Here's What's Become Of A Historic All-Black Town In The Mississippi Delta Founded by former slaves in 1887, Mound Bayou, Miss., was one of the country's first all-black towns. Here's a look into its historic past and uncertain future.
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Here's What's Become Of A Historic All-Black Town In The Mississippi Delta

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Here's What's Become Of A Historic All-Black Town In The Mississippi Delta

Here's What's Become Of A Historic All-Black Town In The Mississippi Delta

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DAVID GREENE, HOST:

And we're going to go now to the Mississippi Delta to a town with a unique history and a storied past. It's Mound Bayou. It was founded in 1887 by former slaves - founded with a vision to be a self-reliant, autonomous all-black community. And it thrived for decades, famous for empowering its black citizens. So what has become of Mound Bayou now?

Our colleague Melissa Block went to find out as part of her travels. She's traveling around the country. It's a series called Our Land.

(SOUNDBITE OF SONG, "MOUND BAYOU")

MAXINE SULLIVAN AND HER JAZZ ALL-STARS: (Singing) Mound Bayou...

MELISSA BLOCK, BYLINE: For generations, that name stood for independence.

(SOUNDBITE OF SONG, "MOUND BAYOU")

MAXINE SULLIVAN AND HER JAZZ ALL-STARS: (Singing) Mound Bayou - that's the town I'm bound for.

BLOCK: It stood for success, a haven from the virulent racism in the Jim Crow South.

(SOUNDBITE OF SONG, "MOUND BAYOU")

MAXINE SULLIVAN AND HER JAZZ ALL-STARS: (Singing) I'd reach and wrap them gently 'round my Mound Bayou.

BLOCK: For a long view, we stop in at the Mound Bayou home of Annyce Campbell, age 92. She's waiting for us in a reclining chair, eager to talk about the town she loves.

ANNYCE CAMPBELL: Mound Bayou is where I was born and reared.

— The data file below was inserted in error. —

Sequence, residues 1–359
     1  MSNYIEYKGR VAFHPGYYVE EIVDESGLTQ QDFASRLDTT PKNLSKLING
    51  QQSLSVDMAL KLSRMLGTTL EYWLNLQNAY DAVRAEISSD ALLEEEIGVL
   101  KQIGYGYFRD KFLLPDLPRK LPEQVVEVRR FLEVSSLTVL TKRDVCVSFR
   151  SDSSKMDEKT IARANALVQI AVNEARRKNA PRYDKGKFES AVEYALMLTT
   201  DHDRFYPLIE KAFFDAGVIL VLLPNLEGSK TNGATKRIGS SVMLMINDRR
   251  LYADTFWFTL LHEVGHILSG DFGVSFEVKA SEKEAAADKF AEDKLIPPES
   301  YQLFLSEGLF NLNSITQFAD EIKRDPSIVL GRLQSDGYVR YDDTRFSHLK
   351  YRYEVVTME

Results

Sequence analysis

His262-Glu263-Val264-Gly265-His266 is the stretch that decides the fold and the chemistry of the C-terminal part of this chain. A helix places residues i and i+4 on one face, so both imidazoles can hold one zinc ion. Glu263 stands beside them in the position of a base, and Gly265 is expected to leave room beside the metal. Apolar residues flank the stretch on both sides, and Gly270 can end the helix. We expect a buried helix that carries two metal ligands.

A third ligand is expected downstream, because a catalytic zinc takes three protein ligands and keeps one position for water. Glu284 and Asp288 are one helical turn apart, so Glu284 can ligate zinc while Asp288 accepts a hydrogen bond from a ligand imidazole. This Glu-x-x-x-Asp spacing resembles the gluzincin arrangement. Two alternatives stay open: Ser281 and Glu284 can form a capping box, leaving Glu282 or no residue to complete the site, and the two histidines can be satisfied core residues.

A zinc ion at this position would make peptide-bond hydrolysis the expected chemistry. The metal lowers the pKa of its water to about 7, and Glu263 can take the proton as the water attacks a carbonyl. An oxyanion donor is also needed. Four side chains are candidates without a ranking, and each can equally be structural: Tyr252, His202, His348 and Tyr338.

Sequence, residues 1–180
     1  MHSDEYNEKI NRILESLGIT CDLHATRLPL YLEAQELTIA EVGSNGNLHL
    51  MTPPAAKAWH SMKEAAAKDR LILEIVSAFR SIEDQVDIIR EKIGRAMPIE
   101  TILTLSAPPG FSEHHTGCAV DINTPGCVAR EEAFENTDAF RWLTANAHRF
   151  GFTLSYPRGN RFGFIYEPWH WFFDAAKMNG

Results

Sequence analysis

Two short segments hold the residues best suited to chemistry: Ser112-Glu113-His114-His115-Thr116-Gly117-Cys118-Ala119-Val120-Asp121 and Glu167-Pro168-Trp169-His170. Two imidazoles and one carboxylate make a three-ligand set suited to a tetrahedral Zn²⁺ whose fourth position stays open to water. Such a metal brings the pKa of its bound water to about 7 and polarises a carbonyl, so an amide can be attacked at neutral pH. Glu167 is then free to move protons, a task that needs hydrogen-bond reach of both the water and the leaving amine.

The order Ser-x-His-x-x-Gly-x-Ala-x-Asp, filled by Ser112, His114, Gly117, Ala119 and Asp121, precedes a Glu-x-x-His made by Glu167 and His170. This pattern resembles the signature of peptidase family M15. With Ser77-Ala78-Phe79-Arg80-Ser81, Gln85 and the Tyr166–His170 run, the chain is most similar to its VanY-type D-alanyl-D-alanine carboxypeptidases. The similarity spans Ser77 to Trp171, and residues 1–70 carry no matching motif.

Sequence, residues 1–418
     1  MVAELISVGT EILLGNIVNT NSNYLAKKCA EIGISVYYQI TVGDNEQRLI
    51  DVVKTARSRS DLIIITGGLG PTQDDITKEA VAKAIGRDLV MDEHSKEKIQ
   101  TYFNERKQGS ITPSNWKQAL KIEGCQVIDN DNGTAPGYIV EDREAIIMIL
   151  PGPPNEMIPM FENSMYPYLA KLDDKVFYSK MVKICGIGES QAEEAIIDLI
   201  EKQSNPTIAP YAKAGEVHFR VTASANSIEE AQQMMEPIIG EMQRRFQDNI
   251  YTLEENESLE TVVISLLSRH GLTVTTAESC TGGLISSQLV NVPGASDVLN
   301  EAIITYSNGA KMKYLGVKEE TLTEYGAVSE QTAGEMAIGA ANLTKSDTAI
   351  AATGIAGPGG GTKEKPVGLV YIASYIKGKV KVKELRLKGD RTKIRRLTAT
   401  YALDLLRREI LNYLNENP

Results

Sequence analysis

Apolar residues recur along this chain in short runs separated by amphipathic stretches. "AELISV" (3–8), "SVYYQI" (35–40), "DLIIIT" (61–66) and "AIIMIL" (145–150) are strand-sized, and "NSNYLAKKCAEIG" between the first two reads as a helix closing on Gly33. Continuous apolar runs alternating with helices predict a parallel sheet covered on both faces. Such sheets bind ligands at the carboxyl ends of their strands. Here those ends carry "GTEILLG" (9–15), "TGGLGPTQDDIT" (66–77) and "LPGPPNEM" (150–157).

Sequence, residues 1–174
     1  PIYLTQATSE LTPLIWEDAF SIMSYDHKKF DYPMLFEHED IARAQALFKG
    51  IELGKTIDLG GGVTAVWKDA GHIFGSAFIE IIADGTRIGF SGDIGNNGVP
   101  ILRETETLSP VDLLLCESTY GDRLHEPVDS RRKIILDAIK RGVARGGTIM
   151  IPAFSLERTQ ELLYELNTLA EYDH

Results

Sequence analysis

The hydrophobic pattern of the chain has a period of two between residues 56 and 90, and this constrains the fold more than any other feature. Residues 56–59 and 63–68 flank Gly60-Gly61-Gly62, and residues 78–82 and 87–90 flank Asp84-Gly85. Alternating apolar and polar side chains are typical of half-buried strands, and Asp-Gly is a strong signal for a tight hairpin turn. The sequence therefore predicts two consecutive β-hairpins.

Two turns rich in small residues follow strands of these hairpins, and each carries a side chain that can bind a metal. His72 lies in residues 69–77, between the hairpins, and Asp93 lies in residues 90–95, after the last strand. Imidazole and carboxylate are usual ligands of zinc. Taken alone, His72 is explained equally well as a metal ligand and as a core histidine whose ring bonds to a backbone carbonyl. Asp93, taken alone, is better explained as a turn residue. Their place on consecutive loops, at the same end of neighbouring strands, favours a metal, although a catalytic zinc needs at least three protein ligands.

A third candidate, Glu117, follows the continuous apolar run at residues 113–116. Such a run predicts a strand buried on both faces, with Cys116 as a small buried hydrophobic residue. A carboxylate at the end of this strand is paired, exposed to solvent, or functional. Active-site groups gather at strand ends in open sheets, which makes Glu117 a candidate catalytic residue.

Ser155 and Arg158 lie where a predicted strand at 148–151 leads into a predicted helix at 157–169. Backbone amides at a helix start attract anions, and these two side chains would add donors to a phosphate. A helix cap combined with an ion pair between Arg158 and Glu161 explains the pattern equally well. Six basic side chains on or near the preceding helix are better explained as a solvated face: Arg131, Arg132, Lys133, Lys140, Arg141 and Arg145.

BLOCK: There's a lot of history in this town.

CAMPBELL: Oh, don't say nothing - plenty history in Mound Bayou.

BLOCK: Back in 1887, the founders of Mound Bayou, former slaves, bought Mississippi swampland covered with forest and did the backbreaking work of clearing it for farming. It became prime cotton land, and word spread. Mound Bayou became known as a place where blacks enjoyed political and economic freedom.

Teddy Roosevelt came through here in 1907, saw the prosperity and proclaimed Mound Bayou the jewel of the Delta. And that's still the slogan on the sign leading into town. Back in its heyday, Annyce Campbell tells me, Mound Bayou had everything.

CAMPBELL: You name it, we had it.

BLOCK: Dozens of businesses, three cotton gins, a sawmill, a black-owned bank, several schools, a train station, a Carnegie library.

CAMPBELL: We had everything here but a jail, to tell you the truth.

ROLANDO HERTS: Just being able to walk through the front door of a hospital and immediately receive the care that you need. It's almost like it was an inverted, (laughter) you know, or alternate universe where being black was a positive thing.

BLOCK: That's Rolando Herts. He directs the Delta Center for Culture & Learning at Delta State University. He's talking about Taborian Hospital, which opened in 1942 and served blacks from all over the Delta. That hospital is shuttered now, and a drive through Mound Bayou shows a town that's fallen hard. There are just a few businesses left - a convenience store, a gas station, a funeral home. I meet Rolando Herts outside the abandoned home of Mound Bayou's founder, Isaiah T. Montgomery. Its foundation is cracked and crumbling.

What happened to this place that had such promise and hope?

HERTS: I think desegregation happened. And this is a case that we've seen across the country in which black communities - people who had more options left those communities to move to the suburbs or to move to urban areas for more opportunities and took their know-how and their resources with them.

BLOCK: It didn't help that Highway 61, which used to bring people through Mound Bayou, now bypasses it. The population has dwindled to under 1,500, a fraction of what it once was. More than half the children here live below the poverty level.

EULAH PETERSON: People are different. Times are different. A sense of what was is not here.

BLOCK: This is Eulah Peterson, former alderman and vice mayor of Mound Bayou. Her grandparents moved to this town in 1903, drawn by the promise of what was happening here.

PETERSON: My grandfather, I like to tell, was a slave. My mother's father was 7 years old when the slaves were freed.

BLOCK: Eulah Peterson hasn't given up on this town. In fact, she moved back here after many years away and is running for mayor.

PETERSON: I do feel that Mound Bayou will survive - not necessarily the way it was but maybe different and better in some way.

BLOCK: Despite it all, Peterson is a believer. She has faith there are others like her, people who've moved away but want to come back home and help revive Mound Bayou, Miss.

Melissa Block, NPR News.

(SOUNDBITE OF MAXINE SULLIVAN AND HER JAZZ ALL-STARS' "MOUND BAYOU")

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